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tedesco

n.

"Teutonic influence in the arts," 1814, from Italian, literally "German," from Medieval Latin theodiscus (see Dutch).

Online Etymology Dictionary, © 2010 Douglas Harper
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Examples from the Web for tedesco
Historical Examples
  • Having learnt to speak il tedesco, and being no longer able to fit out a vessel, I made my venture beyond the Alps; but, alas!

    The Dove in the Eagle's Nest Charlotte M. Yonge
  • Miss tedesco will be able to give you the details better than I can.

    Fifty Per Cent Prophet Gordon Randall Garrett
  • However, we gather plainly from this, that when Vasari calls a master tedesco, he means merely Lombard.

    The Cathedral Builders Leader Scott
  • Never before have I sat at the table of a tedesco—but you—you are a man after my own heart.

    The King of Schnorrers Israel Zangwill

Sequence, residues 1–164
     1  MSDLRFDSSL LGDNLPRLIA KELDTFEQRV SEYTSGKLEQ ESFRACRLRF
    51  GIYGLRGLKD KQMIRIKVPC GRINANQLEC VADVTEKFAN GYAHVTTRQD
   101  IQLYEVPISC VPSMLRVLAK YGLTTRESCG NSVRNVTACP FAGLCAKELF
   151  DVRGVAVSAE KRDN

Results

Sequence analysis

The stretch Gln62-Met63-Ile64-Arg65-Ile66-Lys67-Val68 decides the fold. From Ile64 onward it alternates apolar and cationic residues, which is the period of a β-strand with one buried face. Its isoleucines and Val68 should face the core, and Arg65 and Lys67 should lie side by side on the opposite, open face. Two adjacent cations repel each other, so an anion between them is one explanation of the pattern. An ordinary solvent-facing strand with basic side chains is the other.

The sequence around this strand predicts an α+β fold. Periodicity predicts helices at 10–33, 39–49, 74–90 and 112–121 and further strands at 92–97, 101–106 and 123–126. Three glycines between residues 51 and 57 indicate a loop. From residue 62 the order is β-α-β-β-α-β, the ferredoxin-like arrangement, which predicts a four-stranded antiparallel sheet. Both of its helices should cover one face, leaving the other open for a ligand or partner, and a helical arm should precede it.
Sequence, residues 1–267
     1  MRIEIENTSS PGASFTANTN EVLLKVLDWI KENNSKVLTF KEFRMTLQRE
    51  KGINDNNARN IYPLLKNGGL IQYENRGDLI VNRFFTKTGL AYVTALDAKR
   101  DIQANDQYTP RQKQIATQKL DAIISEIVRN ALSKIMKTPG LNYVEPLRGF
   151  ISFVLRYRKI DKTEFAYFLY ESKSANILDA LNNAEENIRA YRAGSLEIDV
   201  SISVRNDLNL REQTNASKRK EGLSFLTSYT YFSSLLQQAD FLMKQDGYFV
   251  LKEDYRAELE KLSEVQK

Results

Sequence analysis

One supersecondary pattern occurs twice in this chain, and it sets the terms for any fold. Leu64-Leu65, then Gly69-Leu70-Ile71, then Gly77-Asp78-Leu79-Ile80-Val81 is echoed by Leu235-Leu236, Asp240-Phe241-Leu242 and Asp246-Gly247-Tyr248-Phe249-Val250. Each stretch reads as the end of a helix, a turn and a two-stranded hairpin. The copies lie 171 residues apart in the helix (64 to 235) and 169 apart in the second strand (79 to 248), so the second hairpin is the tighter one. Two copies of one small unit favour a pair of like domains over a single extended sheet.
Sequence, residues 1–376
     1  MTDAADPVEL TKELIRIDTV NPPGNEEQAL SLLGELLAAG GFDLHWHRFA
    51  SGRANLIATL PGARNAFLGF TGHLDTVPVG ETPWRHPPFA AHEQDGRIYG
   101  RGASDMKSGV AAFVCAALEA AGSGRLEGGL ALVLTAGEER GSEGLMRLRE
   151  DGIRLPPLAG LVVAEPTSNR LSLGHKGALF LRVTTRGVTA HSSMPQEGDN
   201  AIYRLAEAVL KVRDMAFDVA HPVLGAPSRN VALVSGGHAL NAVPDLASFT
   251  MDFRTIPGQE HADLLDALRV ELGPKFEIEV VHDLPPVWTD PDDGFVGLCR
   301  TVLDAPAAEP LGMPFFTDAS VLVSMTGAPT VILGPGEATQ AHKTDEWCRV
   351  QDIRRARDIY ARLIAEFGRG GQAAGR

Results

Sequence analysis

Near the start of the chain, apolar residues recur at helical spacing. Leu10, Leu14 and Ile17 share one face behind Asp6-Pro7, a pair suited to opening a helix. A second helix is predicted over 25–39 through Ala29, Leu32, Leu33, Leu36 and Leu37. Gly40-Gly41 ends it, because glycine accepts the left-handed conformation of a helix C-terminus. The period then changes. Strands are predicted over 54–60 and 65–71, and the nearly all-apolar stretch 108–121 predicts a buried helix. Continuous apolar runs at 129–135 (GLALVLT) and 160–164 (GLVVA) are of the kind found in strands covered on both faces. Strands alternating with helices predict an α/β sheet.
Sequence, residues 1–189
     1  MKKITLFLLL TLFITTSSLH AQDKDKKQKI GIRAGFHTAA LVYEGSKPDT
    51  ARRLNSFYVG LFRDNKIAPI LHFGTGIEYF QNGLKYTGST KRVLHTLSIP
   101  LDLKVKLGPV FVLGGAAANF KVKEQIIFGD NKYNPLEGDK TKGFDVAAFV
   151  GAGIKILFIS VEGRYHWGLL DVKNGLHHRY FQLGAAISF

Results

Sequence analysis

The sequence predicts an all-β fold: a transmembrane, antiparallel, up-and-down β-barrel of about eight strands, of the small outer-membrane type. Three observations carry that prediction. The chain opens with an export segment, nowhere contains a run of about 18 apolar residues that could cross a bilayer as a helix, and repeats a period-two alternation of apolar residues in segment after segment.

• I think he conceives me to be only a brutissimo tedesco, so that I have a famous opportunity of becoming well acquainted with him.

  • Why should I not permit you, a tedesco, to return the hospitality to me, a Sephardi?

    The King of Schnorrers Israel Zangwill
  • For the rich man—permission to marry the tedesco of his choice.

    The King of Schnorrers Israel Zangwill
  • What have they to say against a Sephardi marrying a tedesco?

    The King of Schnorrers Israel Zangwill
  • The joint masters were Bonanno of Pisa, and a very confusing tedesco.

    The Cathedral Builders Leader Scott
  • He took the canvas bag from the limp grasp of the astonished tedesco, and dropped the fish in.

    The King of Schnorrers Israel Zangwill

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